Seafood Tofu Soup (Haemul Sundubu Jigae)

I adore Korean food. Nothing beats the hearty, spicy soups and stews, the flavorful barbecue meats or even Korean fried chicken. I do draw the line at live seafood though…hubs just sent me a video of his meal. We had recently been to Korea for a couple of days and I came back earlier than he did as I was on call for the weekend and he had a conference to attend. After seeing the video below I was really glad I didn’t stay back.

Some kind of scary octopus soup in Incheon, Seoul. 

Anyway the last time I was in Seoul was a few years back when the kids were still small enough to relish a trip to Everland. I don’t think I really enjoyed the local food then, perhaps because of the need to find non-spicy food for the kids. So it was amazing to be able to eat all manner of Korean food that I absolutely adore. Years ago, the Korean food in Singapore was pretty awful, mainly a variety of Korean BBQ with over-sweetened and marinated cheap meats. I was pleasantly surprised when I tasted real Korean food, of all places, in Fort Lee in New Jersey where I stayed for 2 years. Now Fort Lee is like an enclave for Koreans who would commute daily to New York and I still think the best Korean food outside of Korea can be found there. In fact, I hear that nowadays you can walk into Fort Lee and find many Koreans who can’t speak English! So I do love good Korean food and I was in a food high in Seoul last week, enjoying traditional Sundubu Jigae, beef bone soup or even Korean molecular gastronomy. I never had a great impression of fusion/molecular gastronomy before (I’ve tried more misses than hits) but Jung Sik Dang rocks! A must go if one is in Seoul.

(Dang it, if I ever stopped working I think I would take up molecular gastronomy)

Anyway, back to tofu soup. Tofu is a super staple food in Asia and for low -carbers it is actually quite a blessing because it is lighter than most meats and yet protein-rich. The challenge of tofu is to pair it with strong flavours. And this spicy broth will do the trick and make this hot bowl a comfort food go-to.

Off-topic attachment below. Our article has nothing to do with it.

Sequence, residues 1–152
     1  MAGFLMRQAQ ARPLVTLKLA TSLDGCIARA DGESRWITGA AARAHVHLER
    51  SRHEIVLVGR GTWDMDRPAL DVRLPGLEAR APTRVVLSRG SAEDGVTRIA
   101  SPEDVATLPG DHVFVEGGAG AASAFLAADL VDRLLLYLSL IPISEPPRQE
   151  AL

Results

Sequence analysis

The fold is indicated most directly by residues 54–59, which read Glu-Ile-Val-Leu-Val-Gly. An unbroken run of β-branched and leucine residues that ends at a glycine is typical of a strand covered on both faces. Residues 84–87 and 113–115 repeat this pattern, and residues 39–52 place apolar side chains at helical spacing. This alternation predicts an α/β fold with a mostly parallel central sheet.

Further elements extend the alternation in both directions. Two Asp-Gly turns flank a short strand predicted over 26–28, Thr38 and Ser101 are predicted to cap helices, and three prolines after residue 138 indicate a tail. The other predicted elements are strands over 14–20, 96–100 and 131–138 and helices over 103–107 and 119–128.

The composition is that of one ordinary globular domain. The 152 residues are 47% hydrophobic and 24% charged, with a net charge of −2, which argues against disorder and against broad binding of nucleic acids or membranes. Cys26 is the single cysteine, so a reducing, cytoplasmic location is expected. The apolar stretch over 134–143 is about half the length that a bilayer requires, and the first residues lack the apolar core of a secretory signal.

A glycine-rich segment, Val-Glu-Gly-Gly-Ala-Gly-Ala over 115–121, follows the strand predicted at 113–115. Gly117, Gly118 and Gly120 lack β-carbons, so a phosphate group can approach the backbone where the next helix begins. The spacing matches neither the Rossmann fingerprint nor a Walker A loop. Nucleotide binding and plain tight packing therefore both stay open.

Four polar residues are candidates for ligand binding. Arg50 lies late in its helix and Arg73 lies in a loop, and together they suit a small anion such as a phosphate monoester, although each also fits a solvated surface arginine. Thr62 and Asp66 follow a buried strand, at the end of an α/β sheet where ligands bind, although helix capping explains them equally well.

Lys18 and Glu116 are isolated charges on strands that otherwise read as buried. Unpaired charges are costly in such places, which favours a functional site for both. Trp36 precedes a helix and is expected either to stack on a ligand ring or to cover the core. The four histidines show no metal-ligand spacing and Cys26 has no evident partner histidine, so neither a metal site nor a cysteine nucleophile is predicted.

I think the best Sundubu jigae I ever had was in Fort Lee and I remember after we had moved back to Singapore, seeing the restaurant featured on Anthony Bourdain’s travel show brought homesick tears to my eyes. That restaurant only served that one dish and we were willing to withstand the rude waiters and lack of parking just to get our weekly fix.

So this is an amped up version of Sundubu Jigae with loads of seafood, mainly because it is kind of difficult to buy tiny amounts of clam or squid here. This is an easy Korean low carb soup/stew that can be easily done at home and the seafood can be substituted with beef in case you are not a seafood fan.

Seafood Sundubu Jigae

  • Servings: 8
  • Difficulty: easy
  • Print


  • 5 cups water
  • 2 pieces of kelp
  • 12 dried anchovies
  • 3 dried shiitake mushrooms 
  • 1 small onion, sliced
  • 5 whole cloves of garlic
  • 2 sprigs of spring onions, green parts sliced into 1 inch lengths
  • 200 g squid, cleaned and cut into rings
  • 5 oysters
  • 200 g clams, brushed and washed
  • 2 tbsp chilli powder (can be adjusted according to the degree of spiciness desired)
  • 1 1/2 tsp salt
  • 1 egg (optional)


  1. Heat water in a large pot and add the kelp, anchovies, onions and garlic and bring to a boil. Boil on high heat for 10 minutes then lower heat to a simmer for another half hour.
  2. Drain the stock and bring the stock to a boil again. 
  3. Add the tofu, chilli powder and salt, breaking the tofu up gently into smaller pieces.
  4. Add the clams and boil for a few minutes. Clams should open up and if there are any still closed, remove and discard them.
  5. Add the oysters and squid. Boil another 2-3 minutes till just cooked through. 
  6. Add the spring onions and stir through the soup.
  7. Serve piping hot with an egg cracked on top.


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